Type 2 hair is wavy and falls between straight and curly hair. It has an “S” shape, is thicker than Type 1 hair, and is not as oily. It can range from loose loops to thick, coarse S-shaped waves.
Our hair quiz will help you identify if you have type 2 hair, and this article will teach you how to care for it and enhance its natural texture.
What Is Type 2 Hair?
Type 2 hair is a type of wavy hair that falls between straight and curly hair. It has an “S” shape and a slightly textured appearance. Type 2 hair can range from loose loops to thick, coarse S-shaped waves. To care for Type 2 hair, it is important to use products specifically designed for wavy hair, such as curl-defining creams and leave-in conditioners. Additionally, it is important to avoid over-washing and heat styling to prevent damage.
Type 2 hair is wavy hair that can be further divided into three subtypes: 2A, 2B, and 2C. These subtypes help to further describe the unique characteristics of the hair compared to straight hair (type 1) and curly hair (type 3).
Type 2 Hair vs Type 3 & Type 4
The Andre Walker Hair Typing System is a classification system for hair types created in the 1990s by Oprah Winfrey’s stylist, Andre Walker. The system divides all hair into four different categories based on curl type and texture:
Type 1 (straight hair)
Type 2 (wavy hair)
Type 3 (curly hair)
Type 4 (coily/kinky hair)
It is designed to help people identify their hair type and find the best products to use for their specific hair type. Within each category, there are three subcategories – A, B, and C – to further define the texture of the hair.
The system has been controversial due to its origins. Celebrity stylist Andre Walker introduced the hair typing system on the Oprah Winfrey Show in 1997, which some have argued perpetuated stereotypes about black women’s hair. Despite this, it remains a popular tool used by many people to identify their hair type and find suitable products for their needs.
How Do They Differ?
Type 2 hair is less oily than other hair types. This is because Type 2 hair has a slight texture and shape, which means it does not produce as much sebum (natural oil) as type 1 hair. In comparison, Type 1 hair is usually straight and produces more sebum, making it oilier than Type 2. To determine how oily your scalp is, inspect your hair and scalp on the second day after a wash.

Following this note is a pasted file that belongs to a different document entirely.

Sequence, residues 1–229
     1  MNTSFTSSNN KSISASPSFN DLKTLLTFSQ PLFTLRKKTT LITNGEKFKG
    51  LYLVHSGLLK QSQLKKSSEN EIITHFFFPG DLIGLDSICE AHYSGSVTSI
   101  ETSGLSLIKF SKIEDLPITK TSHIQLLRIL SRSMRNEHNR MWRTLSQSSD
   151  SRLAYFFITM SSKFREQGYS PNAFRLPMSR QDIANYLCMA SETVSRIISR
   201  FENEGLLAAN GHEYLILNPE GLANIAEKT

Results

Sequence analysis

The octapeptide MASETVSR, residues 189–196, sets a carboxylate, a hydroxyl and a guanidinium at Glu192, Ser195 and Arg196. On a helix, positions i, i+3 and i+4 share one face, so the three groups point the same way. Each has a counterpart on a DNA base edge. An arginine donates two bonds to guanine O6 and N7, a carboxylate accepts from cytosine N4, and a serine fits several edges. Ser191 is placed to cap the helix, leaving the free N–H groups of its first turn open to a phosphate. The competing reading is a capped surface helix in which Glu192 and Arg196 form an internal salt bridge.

Type 2 hair is characterized by S-shaped waves, which can range from loose and wavy to tight and defined. Type 2 hair is usually more prone to frizz than the other types.
Type 1 hair is straight and has no curl pattern. Type 3 hair has spiraled and tighter curls that are usually springy and full-bodied or corkscrew-shaped. Type 4 hair consists of kinks and coils that are tightly coiled or zig-zag shaped.
Type 2 Characteristics
Type 2 hair is characterized by its undulating texture that embodies loose waves and well-defined curls. It sits in the sweet spot between pin-straight locks and gravity-defying corkscrews. Type 2 hair is also known as wavy hair, with its “S” shape curls and looser texture. The spectrum of type 2 hair ranges from loose loops to coarse, thick S-shaped waves.
In addition to the S-shaped curl pattern, type 2 hair has many other characteristics including:
Lack of volume: Type 2 hair often has less volume at the roots compared to curls and coils. This makes the hair at the top of the head look flat.
Build-up: If type 2 hair is low density, it can easily be weighed down by using too many or too heavy stylers or leave-in products.
Hold: In between wash-days, wavy curls can flatten and becoming straighter. Waves can last longer with the right combination of mousses and strong or medium hold gels.
Dryness: Type 2 is rarely dry because the gentle S-waves allow the scalp’s natural oils (i.e., sebum) to transition down the hair shaft more easily.
Humidity: Type 2, 3 and 4 hair can all be impacted by weather and climate. But we all have a unique hair type that can behave differently under different circumstances. The key in great waves and curls is understanding how to best enhance them. Humidity, dry air, cold winter months, and summer months can all affect hair leading to frizz, flattening, oiliness, and/or dullness.
What does your Type 2 Hair look like?
Type 2, 3 and 4 curly hair types can be classified into subcategories of A, B, and C. Type 2 is the least curly and type 4 is the most curly. The lower letter (A) means a looser curl pattern and the higher letter (C) means a tighter curl pattern.